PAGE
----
This album, along with MATW and Daniel Amos Vox Humana, were the three that stood out…

    And Elim Hall came with the experience of going to Expo86 to see them and MWS (both equally at the time) and hearing fans boo Elim Hall because of the experimental guitar sounds they were making… I couldn’t believe it… I left bewildered, and furthered in my youthful exploration to find my tastes in music…

  7. John Rodermond
    March 2, 2012 at 2:28 am

    I’m utterly shocked and amazed to see this album appear on “the list”!

    Like others commenting before me, I thought I was the only one who had ever heard of these guys let alone brought this stray home. Things Break may be somewhat dated but I continue to spin this album from time to time.

    “My Flag Always Fades” remains such a beautiful lament to this day.

    I recall that as exciting as it was to hear something as truly fresh and original as Things Break, it was even more exciting when I discovered that this album was recorded by fellow Canadians.

    I eagerly awaited a follow up and when nothing was forthcoming I wrote to the band and learned they had independently recorded the “Let It Thrive”. I replied as quick as I could and sent the requisite 10 bucks and the cassette arrived a week later with a personal, hand written letter from Glen Teeple thanking me for my interest and letting me know the struggles the band had experienced and their uncertain future.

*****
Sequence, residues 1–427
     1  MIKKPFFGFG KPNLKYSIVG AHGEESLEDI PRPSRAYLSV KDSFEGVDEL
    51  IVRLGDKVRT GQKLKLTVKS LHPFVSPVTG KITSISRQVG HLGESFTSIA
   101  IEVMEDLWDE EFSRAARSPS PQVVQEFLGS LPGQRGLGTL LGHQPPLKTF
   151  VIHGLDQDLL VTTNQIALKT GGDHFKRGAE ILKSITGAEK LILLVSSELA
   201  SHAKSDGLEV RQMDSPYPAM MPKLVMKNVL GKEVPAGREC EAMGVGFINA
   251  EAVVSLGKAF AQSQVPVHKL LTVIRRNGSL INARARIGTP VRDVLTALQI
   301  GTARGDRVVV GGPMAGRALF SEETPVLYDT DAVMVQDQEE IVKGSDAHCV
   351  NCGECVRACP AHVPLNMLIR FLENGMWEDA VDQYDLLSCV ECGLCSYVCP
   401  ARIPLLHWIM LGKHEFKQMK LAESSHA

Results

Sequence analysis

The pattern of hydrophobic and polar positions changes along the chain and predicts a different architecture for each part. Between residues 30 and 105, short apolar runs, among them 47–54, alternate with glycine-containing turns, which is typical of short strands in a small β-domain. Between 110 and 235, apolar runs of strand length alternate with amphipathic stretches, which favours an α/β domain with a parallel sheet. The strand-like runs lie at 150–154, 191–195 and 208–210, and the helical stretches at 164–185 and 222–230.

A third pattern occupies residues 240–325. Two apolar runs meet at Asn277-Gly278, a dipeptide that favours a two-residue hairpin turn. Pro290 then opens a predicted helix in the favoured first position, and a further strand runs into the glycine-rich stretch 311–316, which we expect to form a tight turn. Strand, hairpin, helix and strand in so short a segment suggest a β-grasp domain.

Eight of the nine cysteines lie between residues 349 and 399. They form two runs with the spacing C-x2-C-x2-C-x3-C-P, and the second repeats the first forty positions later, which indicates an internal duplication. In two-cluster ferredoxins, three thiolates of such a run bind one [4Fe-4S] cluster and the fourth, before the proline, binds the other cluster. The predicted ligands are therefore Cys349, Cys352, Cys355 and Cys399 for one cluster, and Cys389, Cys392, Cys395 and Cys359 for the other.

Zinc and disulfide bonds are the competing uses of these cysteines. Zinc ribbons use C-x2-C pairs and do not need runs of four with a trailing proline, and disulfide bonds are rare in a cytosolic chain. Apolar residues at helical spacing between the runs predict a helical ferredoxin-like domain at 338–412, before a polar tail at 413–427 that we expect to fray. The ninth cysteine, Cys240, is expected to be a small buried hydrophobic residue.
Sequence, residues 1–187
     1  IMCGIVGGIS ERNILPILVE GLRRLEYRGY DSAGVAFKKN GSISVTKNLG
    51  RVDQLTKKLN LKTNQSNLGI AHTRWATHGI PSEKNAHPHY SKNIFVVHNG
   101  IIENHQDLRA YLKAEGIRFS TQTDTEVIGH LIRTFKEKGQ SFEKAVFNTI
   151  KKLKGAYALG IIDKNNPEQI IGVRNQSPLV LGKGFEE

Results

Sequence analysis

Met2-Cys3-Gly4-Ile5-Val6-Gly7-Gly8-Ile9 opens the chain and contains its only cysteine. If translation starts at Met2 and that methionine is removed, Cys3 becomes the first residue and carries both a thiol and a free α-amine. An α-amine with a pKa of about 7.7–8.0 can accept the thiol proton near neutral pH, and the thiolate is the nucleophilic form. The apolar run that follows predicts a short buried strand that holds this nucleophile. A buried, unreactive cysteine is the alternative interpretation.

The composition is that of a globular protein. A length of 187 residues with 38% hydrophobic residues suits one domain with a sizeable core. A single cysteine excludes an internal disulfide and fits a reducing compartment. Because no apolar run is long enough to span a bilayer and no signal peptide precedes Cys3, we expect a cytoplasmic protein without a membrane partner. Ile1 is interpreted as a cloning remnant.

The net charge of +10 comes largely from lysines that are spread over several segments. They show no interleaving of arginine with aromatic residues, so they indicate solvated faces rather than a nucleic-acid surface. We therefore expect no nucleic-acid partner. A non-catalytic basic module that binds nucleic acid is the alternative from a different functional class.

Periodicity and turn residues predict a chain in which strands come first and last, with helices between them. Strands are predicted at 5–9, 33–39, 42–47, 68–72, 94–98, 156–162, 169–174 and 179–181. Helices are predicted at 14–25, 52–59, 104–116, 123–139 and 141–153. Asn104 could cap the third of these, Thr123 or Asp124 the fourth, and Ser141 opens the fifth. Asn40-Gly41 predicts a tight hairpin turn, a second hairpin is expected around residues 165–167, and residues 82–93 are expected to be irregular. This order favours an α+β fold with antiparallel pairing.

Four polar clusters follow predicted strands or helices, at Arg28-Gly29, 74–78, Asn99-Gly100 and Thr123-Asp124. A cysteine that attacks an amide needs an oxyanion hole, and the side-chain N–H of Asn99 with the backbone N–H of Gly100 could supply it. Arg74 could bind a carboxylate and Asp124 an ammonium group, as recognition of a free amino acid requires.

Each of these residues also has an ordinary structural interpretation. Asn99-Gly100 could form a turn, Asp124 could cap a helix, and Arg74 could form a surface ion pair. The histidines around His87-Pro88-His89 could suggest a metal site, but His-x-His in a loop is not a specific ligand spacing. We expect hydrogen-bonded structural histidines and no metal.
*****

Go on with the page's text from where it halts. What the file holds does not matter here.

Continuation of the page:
Let It Thrive is just as unique (quirky) as Things Break and definitely deserves attention. It contains one of the oddest songs I’ve ever heard called “Terry and the Pirates.”. You like quirky? Track down “A Silent Dove in a Distant Land” – the time signature changes border on erratic. “You and Me”,”Too Much of a Good Thing” and “Found My Way Again” are other personal favourites but it is the title track “Let It Thrive” that should have been a hit and produced a more reliable recording future for the guys. To my knowledge this recording has never been made available in CD format.

    A lot of what elim Hall created was not radio friendly and I think that may have contributed to their demise. Alas, we must enjoy what little we got to hear from elim Hall. I wish the surviving members well wherever they may be.

  8. Jack Blutj
    September 28, 2012 at 10:25 pm

    Two of the guys live near me and one of them is one of my good friends. They both continue to write music and record and contribute to different projects. They still “got it” too. Both guys have children and are good husbands and fathers too. Things break was and still is my favorite ccm tape.

  9. Alex
    April 11, 2014 at 3:42 pm

    I never heard this album until picking it up at a garage sale for a dollar a few years ago. Fell in love with it right away. In my opinion, Reunion epic failed in promoting this album by not cross listing it with a Canadian label like Attic. I’m sure they would have gotten a lot of radio play in the mid 80s in Ontario on CFTR, CFNY, and the like!